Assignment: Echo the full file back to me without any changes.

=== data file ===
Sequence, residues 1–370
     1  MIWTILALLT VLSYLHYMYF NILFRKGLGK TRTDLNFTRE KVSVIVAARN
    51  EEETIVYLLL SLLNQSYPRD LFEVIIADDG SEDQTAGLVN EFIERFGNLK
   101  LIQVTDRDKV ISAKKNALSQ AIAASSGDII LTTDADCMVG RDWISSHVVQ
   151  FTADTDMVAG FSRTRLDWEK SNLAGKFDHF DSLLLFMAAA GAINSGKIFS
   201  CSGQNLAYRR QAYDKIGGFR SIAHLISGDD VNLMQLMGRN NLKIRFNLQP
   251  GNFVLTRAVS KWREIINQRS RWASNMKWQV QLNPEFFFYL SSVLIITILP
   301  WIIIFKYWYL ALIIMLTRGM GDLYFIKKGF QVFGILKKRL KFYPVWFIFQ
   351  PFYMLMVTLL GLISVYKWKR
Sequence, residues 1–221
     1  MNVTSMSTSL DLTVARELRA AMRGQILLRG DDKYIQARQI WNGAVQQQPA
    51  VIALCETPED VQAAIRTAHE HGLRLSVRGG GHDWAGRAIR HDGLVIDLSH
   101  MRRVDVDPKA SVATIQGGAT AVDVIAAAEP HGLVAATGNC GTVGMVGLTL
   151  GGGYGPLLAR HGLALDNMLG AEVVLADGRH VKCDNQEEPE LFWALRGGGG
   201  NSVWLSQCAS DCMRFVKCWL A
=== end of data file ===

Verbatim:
Sequence, residues 1–370
     1  MIWTILALLT VLSYLHYMYF NILFRKGLGK TRTDLNFTRE KVSVIVAARN
    51  EEETIVYLLL SLLNQSYPRD LFEVIIADDG SEDQTAGLVN EFIERFGNLK
   101  LIQVTDRDKV ISAKKNALSQ AIAASSGDII LTTDADCMVG RDWISSHVVQ
   151  FTADTDMVAG FSRTRLDWEK SNLAGKFDHF DSLLLFMAAA GAINSGKIFS
   201  CSGQNLAYRR QAYDKIGGFR SIAHLISGDD VNLMQLMGRN NLKIRFNLQP
   251  GNFVLTRAVS KWREIINQRS RWASNMKWQV QLNPEFFFYL SSVLIITILP
   301  WIIIFKYWYL ALIIMLTRGM GDLYFIKKGF QVFGILKKRL KFYPVWFIFQ
   351  PFYMLMVTLL GLISVYKWKR
Sequence, residues 1–221
     1  MNVTSMSTSL DLTVARELRA AMRGQILLRG DDKYIQARQI WNGAVQQQPA
    51  VIALCETPED VQAAIRTAHE HGLRLSVRGG GHDWAGRAIR HDGLVIDLSH
   101  MRRVDVDPKA SVATIQGGAT AVDVIAAAEP HGLVAATGNC GTVGMVGLTL
   151  GGGYGPLLAR HGLALDNMLG AEVVLADGRH VKCDNQEEPE LFWALRGGGG
   201  NSVWLSQCAS DCMRFVKCWL A